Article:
3Dprinter enquiries~

      azusasawako wrote:

      well em...
      just wanna ask if anyone has suggestions for 3D printer?
      For example how much for materials and the printer itself,
      how large is it etc....~~~
      Thanks~


      This Question isn't as straight forward as it seems...

      The price range for a 3D printer is anywhere from $500.00 -$9000.00. There are literally hundreds of choices out there now. much of the pricing depends on how the printer is built. ad sturdier printer will likely cost more but it will also provide higher quality more accurate prints. The other thing is the ability to print larger pieces will increase the price of the printer as well. If you want to print anything accurately that is bigger than a grapefruit you are at least in the $1800.00 range. You should be aware that even "expensive" high end printers require quite a bit of technical expertise to keep them calibrated and running smoothly. 3D printers are like precision tuned instruments and need to be constantly maintained, even so things go wrong quite often.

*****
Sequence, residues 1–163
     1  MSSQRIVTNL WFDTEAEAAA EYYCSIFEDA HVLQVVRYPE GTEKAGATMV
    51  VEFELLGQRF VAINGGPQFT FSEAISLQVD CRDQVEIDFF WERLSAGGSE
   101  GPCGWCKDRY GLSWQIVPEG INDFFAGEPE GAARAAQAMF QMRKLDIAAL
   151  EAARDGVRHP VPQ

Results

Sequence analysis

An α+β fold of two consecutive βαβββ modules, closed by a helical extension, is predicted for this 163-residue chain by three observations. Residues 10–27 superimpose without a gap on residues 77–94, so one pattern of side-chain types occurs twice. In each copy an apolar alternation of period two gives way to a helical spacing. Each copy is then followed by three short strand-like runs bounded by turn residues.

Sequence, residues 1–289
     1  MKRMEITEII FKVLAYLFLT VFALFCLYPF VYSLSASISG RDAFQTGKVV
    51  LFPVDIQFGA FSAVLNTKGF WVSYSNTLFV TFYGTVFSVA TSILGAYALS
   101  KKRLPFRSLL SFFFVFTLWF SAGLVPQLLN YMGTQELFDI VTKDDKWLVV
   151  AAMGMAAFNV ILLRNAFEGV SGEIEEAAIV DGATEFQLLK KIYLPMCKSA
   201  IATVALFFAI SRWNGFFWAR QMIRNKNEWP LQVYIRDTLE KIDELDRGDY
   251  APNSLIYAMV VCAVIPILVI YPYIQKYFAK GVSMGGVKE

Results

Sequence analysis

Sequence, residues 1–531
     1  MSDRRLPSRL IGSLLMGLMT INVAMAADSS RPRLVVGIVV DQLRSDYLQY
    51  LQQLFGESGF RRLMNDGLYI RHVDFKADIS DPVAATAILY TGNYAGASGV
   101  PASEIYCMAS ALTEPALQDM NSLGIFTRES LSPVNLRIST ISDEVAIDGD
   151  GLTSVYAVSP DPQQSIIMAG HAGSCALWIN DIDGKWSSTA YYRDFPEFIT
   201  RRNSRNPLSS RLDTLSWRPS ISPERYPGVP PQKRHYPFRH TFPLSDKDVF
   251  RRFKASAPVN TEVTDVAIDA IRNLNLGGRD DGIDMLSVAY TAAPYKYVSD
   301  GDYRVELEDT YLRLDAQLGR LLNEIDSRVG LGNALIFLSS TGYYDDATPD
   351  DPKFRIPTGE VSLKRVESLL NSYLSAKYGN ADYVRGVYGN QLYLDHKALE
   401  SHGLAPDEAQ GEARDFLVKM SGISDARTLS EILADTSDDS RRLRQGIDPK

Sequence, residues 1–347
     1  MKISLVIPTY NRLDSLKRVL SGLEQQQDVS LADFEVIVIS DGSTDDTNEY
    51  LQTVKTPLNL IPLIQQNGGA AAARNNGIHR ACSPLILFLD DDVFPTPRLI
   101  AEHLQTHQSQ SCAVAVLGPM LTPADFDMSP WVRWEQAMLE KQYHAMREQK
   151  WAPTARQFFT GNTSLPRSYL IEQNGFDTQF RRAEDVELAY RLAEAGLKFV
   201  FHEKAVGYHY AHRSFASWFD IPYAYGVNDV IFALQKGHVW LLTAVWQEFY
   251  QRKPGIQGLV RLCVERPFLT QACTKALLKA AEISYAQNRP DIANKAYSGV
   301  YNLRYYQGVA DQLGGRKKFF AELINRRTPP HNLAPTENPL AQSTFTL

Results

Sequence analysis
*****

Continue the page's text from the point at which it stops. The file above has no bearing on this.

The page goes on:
Of course this does not include software to create the parts you wish to print. There is "free" software out there that is pretty good but my experience is the commercial software in generally "easier" to use in the long run but it certainly will not be plug and play. 3D printers really are not really ready for the "casual user" yet. They are still in the realm of the tech geek/nerd.

      As far as materials go... There are two main type of plastics people use each with their own unique properties but if you plan on printing masks you will probably want to use ABS which is a much tougher and impact resistant plastic. It is also easier to bond pieces together than PLA the other popular plastic material Both the plastics are in the $40-$60 per kilo range. But as in all things often the cheaper plastic produces poor results due to impurities in the resin or inconsistencies in the filament diameters or formulations batch to batch.

      Over all the materials are not expensive. It is the time it takes to print a part. A basic Kigurumi Mask I would estimate will take 40-60 hours to print not including the time to sculpt it and then section it out to print in the most efficient manner.

      I hope this at least answers a few of your questions..

      Meerah wrote:

      azusasawako wrote:

      well em...
      just wanna ask if anyone has suggestions for 3D printer?
      For example how much for materials and the printer itself,
      how large is it etc....~~~
      Thanks~


      This Question isn't as straight forward as it seems...